The Moroccan government on Thursday filed a defamation suit against human rights body Amnesty International and French media non-profit Forbidden Stories in relation to the alleged surveillance using the Pegasus spyware, AFP reported.

This appears to be the first lawsuit filed in the matter by the government of a country against which there are allegations of spying.

The list of over 50,000 potential snooping targets accessed by Amnesty International and Forbidden Stories showed that French President Emmanuel Macron was chosen as a potential target for surveillance by Morocco in 2019. King Mohammed VI of Morocco was reportedly chosen as a target by the security forces of his own country in the same year.

The Pegasus spyware is developed, marketed and licensed to governments around the world by the Israeli cyber intelligence company NSO Group. The company said that it licenses its software only to “vetted governments” and that Pegasus is meant to be targeted at criminals.

Morocco has, however, refused the allegations.

“The Moroccan state...wants all possible light cast on these false allegations from these two organisations, who make claims without any concrete or demonstrative evidence whatsoever,” Olivier Baratelli, the lawyer representing the government in the suit said in a statement.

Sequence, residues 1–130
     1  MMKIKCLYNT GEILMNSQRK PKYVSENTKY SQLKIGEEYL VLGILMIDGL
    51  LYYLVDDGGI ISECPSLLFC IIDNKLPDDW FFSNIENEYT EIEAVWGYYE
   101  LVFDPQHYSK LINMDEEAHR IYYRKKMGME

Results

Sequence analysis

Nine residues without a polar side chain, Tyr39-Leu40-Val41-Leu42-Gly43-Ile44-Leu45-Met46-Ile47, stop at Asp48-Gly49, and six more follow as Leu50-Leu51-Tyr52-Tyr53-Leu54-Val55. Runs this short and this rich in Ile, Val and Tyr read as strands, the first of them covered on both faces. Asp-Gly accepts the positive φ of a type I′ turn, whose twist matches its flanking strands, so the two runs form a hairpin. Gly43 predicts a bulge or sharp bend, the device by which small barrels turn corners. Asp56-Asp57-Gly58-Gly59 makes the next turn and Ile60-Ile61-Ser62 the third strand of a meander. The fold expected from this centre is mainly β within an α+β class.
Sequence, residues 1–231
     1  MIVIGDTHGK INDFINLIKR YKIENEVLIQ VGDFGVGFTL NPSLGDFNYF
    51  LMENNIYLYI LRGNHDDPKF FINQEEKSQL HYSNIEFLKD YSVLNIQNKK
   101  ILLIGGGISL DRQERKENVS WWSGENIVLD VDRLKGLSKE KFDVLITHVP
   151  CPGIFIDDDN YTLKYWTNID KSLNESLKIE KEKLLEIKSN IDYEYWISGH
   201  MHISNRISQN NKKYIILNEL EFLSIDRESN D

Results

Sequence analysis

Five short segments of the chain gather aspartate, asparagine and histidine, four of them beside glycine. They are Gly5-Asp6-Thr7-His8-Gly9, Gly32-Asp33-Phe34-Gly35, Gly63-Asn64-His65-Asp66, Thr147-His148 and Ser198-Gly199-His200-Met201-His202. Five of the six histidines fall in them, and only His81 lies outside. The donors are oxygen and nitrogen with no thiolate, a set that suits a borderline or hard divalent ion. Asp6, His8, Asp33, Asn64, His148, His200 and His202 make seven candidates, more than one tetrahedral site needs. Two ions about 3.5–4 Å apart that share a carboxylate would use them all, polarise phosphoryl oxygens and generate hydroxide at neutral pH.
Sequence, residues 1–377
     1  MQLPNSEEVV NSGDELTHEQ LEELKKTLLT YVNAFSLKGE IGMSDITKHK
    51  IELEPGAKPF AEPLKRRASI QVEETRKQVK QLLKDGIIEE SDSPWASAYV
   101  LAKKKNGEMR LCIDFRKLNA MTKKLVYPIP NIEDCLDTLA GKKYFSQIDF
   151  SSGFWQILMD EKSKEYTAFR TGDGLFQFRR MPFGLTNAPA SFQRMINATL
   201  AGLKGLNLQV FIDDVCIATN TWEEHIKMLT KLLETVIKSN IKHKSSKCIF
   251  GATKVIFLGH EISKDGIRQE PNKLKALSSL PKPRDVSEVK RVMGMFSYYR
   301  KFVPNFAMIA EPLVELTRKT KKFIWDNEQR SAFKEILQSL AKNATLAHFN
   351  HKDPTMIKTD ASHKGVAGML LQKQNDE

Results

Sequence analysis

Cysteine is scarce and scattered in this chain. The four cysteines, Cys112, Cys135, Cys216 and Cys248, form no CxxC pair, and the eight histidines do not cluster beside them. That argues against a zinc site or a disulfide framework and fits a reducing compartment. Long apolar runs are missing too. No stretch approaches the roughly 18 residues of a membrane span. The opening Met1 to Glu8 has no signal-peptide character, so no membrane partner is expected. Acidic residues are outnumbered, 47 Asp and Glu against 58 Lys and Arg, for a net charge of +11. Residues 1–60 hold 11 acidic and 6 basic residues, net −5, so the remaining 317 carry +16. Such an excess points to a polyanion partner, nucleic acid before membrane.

The lawyer added that the Moroccan government does not intend to let “multiple lies and fake news” go unpunished.

The first hearing is scheduled on October 8 in Paris, but a trial may not begin for another two years, according to AFP.

Meanwhile, Macron has changed his phone in light of the revelations, Reuters reported on Thursday, citing a presidency official. The French government official said that while there was no confirmation that Macron’s phone had indeed been hacked, the French president took the action as an “additional security”.

On Tuesday, prosecutors in France had opened their own inquiry into the Pegasus row. The investigation will examine 10 different charges, including whether there was a breach of personal privacy, fraudulent access to personal electronic devices and criminal association, the country’s news outlet France24 reported.

The Pegasus Project

Amnesty International and Forbidden Stories had shared the list of the potential hacking targets with 17 news organisations as part of the Pegasus Project.

The global investigation has revealed the names of heads of state, politicians, students, activists, journalists and lawyers in several countries as possible targets of surveillance. The Pegasus Project has raised serious questions about the misuse of spyware sold only to governments.

In India, prominent names on the list of potential targets included over 40 journalists, Congress leader Rahul Gandhi, Union ministers Prahlad Patel and Ashwini Vaishnaw, election strategist Prashant Kishor and virologist Gagandeep Kang.

Former Election Commissioner of India Ashok Lavasa and an ex-Supreme Court staffer who accused former Chief Justice of India Ranjan Gogoi of sexual harassment also featured on the list.

Responding to allegations of snooping by government agencies, Vaishnaw told the Parliament that illegal surveillance was not possible in India. The government, however, has not yet categorically denied using the Pegasus spyware on Indian citizens.